“I think she’ll do an amazing job.” said former executive director Alecia Lipton. “Main Street Lebanon is in excellent hands right now.”
Lipton submitted her letter of resignation on Aug. 20, citing “lack of support and shared vision from the Board President as to what is best for the merchants, combined with the irregular pay.”
At the time of the letter, the organization owed her for 12 weeks of work, but she has received most of the missing compensation, she said.
Lipton said in an email to area media that Mathews was not acting in the best interest of the merchants. She said she communicated concerns from visitors and merchants about how the new anti-abortion/sanctuary city for the unborn ordinance was impacting their businesses.
Lipton also spearheaded the organization’s anonymous survey of downtown business owners in July to gauge the effect of the controversial ordinance by comparing their sales this year after the council passed the abortion ban to the same three weeks in 2020 and 2019. The survey generated 38 responses reporting sales in June 2021 were lower than in 2020 and 2019.
Lipton questioned Mathews about having a conflict of interest serving on both city council and as Main Street board president and suggested he step down in June. He did not resign as there was no vice president to succeed him and the board did not want him to resign.
A vocal opponent to the ordinance that was unanimously adopted in late May, Lipton continues to speak out against similar legislation being considered by Mason City Council.
She is also one of a dozen candidates seeking one of four open seats on Lebanon City Council this fall. Lipton will continue to work as public information director for the Hoxworth Blood Center.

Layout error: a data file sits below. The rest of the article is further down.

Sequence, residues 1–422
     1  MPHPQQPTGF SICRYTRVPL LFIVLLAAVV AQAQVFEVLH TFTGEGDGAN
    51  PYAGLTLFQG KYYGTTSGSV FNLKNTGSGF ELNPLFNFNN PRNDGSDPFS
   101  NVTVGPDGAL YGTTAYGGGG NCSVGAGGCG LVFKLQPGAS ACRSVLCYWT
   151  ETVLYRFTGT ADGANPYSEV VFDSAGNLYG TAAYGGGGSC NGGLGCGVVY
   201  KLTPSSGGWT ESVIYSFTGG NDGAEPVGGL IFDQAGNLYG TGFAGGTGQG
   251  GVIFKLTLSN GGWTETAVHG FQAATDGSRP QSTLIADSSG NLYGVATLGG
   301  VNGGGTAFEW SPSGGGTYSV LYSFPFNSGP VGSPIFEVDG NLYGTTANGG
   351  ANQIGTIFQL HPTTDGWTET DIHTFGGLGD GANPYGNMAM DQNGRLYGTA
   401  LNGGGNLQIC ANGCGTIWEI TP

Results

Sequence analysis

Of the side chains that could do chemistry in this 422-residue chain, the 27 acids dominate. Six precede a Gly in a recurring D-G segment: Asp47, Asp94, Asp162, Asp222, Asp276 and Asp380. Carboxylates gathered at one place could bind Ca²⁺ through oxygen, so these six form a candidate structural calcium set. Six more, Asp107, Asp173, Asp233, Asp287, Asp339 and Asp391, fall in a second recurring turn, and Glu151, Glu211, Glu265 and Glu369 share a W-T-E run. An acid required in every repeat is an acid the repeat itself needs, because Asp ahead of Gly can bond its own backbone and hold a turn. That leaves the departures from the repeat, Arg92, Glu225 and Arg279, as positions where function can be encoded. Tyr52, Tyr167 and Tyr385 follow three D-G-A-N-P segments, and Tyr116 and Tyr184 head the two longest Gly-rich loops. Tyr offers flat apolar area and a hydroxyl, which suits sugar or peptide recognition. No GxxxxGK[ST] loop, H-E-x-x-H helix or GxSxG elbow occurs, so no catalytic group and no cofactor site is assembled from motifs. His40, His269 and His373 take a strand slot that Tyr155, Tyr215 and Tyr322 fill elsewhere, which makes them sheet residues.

“I feel that I can better promote and help the merchants as well as the citizens of Lebanon by using my voice and talents serving them on council,” she said.
Mathews is also a member of Lebanon City Council who played a key role in the city’s passage of an anti-abortion/sanctuary city for the unborn legislation, which prohibits the establishment of abortion clinics or providing any assistance of any kind to a woman seeking an abortion. There are no abortion clinics or plans for a clinic in Lebanon.
He told the Dayton Daily News that when he accepted the board president post, “it was a one-year deal.” Mathews is considering a run for the Ohio House of Representatives and is waiting to see where the new district lines are drawn.
Mathews said the board was moving toward separating Lipton from the organization. He said it was not acted on out of concerns it would look political.
“It was not my decision,” Mathews said. “I took myself out of it.”
He said the decision to step down was meant to provide stability for the organization, and he remains a board member.
“Main Street Lebanon will continue to great things in the future,” he said. “I will be staying involved with Main Street Lebanon.”